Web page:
The broken poppy, p.1
The Broken Poppy, p.1Alice Catherine Carter
The Broken Poppy
Alice Catherine Carter.
“If we don’t end war, war will end us.”
Copyright ©.2014. By Alice Catherine Carter.
Alice Catherine Carter has asserted her rights under the Copyright, Designs and Patents Act 1988 to be identified as the author of this work.
All rights reserved. No part of this publication may be reproduced, stored in a retrieval system or transmitted, in any form or by any means, without prior permission.
In loving memory of my great-great uncle Private Albert “Baley” Caleb Horne. [Picture Left].
He died on the 2nd November 1918, aged 21. He was the son of Leonard and Kate Horne. Baley was always a fond lover of horses and he joined the Royal field Artillery to be with the horses; he was a lead driver.
He joined up when he was only 14 years and 3 months old, after 6 months of training his battalion were shipped to France to replace some of the losses in the battle of the Somme.
From 06/1914 until 11/1918, he only had two leaves and he felt sure that he would not be killed in action – but knew something else would happen, and he was right, he died due to the flu epidemic, just weeks before the end of the war.
Albert went to war with his brother Ted [Leonard Edward Horne, pictured left] and although Albert sadly died in the war, Ted survived.
Ted lived until he was 68, he got married and had a child.
Here Albert and Ted are pictured as young children.
This novel was also inspired by Ted’s letter home to his mother, Kate Horne, sent from the French trenches in 1916.
Dear mother, though I’m miles away and the sea doth divide, your love supports and comforts me, when death around does stride.
Your letters always bring me joy, so full of love are they, for I know your heart is with me.
Let me be where I may.
Wherever duty takes me, I’ll always try to be true to self and country. And mother, dear to thee, for life is so uncertain, and is not for me to plan. But to do what lies before me, and do it like a man.
We have in front of us a task and we cannot see its end, but we’ll struggle grimly onward, right wrong and weak defend.
And though the sacrifice is great, and death most after the bridge, tis’ naught if ill guard our loved ones, shield their honour and their lives.
So let the shells shriek, and bullets whine, though now its dark, the sun will shine, and if I’m not spared to return to you, as I know you’d have me do. I’ll try to tell you mother dear, how you have influenced me but here.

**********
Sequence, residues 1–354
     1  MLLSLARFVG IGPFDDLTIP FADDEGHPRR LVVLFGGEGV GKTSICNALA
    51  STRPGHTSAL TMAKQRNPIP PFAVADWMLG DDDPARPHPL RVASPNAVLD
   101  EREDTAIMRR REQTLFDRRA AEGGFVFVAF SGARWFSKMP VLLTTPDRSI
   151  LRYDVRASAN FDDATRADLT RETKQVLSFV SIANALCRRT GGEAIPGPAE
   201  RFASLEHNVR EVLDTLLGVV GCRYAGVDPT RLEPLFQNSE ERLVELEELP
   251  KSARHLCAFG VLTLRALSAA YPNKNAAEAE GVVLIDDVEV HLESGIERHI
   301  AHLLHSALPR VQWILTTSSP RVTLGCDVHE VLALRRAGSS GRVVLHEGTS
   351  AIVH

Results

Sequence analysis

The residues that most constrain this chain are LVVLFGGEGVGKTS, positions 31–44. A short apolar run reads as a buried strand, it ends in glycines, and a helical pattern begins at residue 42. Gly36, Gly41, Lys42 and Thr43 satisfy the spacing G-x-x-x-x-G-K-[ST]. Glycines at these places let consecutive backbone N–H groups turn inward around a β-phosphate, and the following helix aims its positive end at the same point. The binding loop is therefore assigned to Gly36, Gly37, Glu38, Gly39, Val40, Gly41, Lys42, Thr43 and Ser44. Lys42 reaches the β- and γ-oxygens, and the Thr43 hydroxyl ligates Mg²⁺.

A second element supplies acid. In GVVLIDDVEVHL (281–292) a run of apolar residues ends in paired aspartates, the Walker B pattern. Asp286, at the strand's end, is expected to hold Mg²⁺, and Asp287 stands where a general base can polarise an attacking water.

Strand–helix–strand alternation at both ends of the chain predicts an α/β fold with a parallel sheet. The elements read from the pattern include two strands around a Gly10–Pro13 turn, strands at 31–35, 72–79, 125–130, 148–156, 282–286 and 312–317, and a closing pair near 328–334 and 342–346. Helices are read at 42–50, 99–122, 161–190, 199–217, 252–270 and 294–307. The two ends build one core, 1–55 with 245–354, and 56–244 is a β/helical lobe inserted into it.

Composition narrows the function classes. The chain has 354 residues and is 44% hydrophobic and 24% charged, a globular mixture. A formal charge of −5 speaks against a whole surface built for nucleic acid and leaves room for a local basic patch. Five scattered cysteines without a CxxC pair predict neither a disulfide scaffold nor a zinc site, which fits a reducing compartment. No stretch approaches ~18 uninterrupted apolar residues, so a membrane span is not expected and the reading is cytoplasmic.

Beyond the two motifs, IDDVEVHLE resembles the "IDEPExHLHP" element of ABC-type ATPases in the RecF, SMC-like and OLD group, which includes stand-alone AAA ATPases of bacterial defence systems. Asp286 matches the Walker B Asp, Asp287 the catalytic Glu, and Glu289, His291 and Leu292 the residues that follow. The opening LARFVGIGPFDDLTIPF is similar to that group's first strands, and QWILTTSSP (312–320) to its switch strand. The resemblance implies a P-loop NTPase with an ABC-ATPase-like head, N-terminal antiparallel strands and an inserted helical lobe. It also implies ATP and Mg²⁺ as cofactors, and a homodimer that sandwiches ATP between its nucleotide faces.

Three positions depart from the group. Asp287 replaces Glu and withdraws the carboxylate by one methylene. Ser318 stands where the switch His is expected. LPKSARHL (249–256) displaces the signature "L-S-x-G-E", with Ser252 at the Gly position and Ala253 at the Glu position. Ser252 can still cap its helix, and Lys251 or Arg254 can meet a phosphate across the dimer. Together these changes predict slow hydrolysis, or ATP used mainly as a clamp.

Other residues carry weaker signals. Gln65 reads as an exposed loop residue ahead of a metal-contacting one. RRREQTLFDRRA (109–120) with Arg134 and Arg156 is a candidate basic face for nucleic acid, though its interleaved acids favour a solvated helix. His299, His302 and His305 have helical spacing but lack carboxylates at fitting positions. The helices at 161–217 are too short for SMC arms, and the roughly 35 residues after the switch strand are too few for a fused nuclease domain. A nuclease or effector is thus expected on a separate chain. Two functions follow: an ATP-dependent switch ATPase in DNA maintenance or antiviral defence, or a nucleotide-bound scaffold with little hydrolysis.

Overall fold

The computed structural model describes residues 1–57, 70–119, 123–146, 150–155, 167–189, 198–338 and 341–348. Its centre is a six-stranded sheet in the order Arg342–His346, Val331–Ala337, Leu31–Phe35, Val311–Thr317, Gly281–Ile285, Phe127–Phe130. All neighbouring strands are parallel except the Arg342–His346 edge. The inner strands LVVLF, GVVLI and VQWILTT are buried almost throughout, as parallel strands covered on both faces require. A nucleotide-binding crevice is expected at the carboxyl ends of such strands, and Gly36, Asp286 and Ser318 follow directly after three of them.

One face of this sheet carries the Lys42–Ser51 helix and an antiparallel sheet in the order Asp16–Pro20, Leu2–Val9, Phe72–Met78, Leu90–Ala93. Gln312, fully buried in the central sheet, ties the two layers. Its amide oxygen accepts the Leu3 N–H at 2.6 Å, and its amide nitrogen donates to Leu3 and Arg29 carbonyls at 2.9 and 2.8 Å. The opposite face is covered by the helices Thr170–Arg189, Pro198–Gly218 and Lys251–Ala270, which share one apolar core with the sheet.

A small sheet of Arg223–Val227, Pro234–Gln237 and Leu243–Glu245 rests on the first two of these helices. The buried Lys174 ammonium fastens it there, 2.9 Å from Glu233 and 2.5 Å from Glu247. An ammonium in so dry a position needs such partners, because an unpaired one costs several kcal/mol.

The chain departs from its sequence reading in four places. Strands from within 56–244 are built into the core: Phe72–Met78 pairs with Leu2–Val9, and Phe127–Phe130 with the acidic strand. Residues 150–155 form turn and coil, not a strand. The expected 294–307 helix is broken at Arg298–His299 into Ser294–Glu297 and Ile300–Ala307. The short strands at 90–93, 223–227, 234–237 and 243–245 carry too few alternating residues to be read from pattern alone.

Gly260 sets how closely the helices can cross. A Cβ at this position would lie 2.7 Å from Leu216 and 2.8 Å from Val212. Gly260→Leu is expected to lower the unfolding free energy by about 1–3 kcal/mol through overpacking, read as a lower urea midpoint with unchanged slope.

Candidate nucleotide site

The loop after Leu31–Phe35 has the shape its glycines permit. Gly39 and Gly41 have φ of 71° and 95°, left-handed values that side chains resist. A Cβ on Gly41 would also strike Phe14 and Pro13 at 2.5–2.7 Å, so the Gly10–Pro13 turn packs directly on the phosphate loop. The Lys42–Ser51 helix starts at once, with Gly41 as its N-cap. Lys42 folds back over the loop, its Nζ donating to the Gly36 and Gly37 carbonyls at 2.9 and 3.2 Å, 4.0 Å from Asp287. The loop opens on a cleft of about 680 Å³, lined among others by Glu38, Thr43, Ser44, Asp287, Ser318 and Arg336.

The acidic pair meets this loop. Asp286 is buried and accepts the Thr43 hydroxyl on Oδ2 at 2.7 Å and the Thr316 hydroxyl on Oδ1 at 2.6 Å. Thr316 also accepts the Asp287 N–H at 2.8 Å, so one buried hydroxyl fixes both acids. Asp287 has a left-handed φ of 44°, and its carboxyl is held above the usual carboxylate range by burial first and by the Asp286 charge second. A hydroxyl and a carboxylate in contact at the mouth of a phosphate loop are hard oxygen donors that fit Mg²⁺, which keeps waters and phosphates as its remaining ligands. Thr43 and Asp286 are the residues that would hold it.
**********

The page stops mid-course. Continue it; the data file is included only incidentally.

18th August 1914.
Well here it is. You’ve aged a bit around the corners but all in all you’re in better shape than I am. I think I was thirteen the last time I wrote in this journal but I thought it may keep me sane in the months ahead. I am now part of the Great British army, ready to do my part for the country. Well not quite ready, I still need to train. I need to be taught how to kill. I know I said that I wanted to join the war, but I don’t really. My reason for signing up is simple - family. My younger brothers Rob and Matthew are the only thing I care about in life and I will try my best to keep them safe. Rob does have one point about going to war, it will give us experiences and it will potentially allow us to achieve something.
Due to the fact that we are brothers, we have been sent to the same training yeomanry which will be our home for the next couple of weeks. I’m sure war will be an adventure to say the least.
We have arrived at the Yeomanry now and by the time we arrived at the train station it was pitch black although it was still warm, so we did have a clear night, and the stars gave us light to guide us. We picked ourselves up and we had another two mile walk to endure. Needless to say there were a couple of lost boots in the thick mud of the country, which was still soaked from the rain the day before, despite the fact it was summer. By the time we arrived we were all irritable, tired and hungry.
Though as if reading our minds, we were quickly handed a cup of tea along with bread and butter. After tea, well supper, we were all sent off to sleep by the commanding officers and everyone went willingly. I’m sleeping in just a large shed really, with several bunk beds placed almost on top of each other, but we’re the lucky ones as a number of men have to sleep in well, a largish tent. Though I’m not complaining it is much better than my recent accommodation has been. We have not really been able to meet the other men yet and I think with the state of tiredness we are in, we would have left a bad impression on each other anyway - so it is probably best to wait until the sun rises. I’m the last one up but I just wanted to write this down.
My reason for restarting my journal entries again is not simply so when I’m old I can recall my life, because now if I am being honest it is most likely that I will not reach the age of eighty or even thirty for that matter. So the reason I decided to write, is if I do die in this war, there will at least be something of my small legacy and insignificant life left behind. That’s the true reason I guess. To not be forgotten, at least not completely.
Thomas. Soon to be Private Millward.
P.S. I will officially become a Private when I have completed my military training and go off to battle. At least I will have accomplished something in my life.
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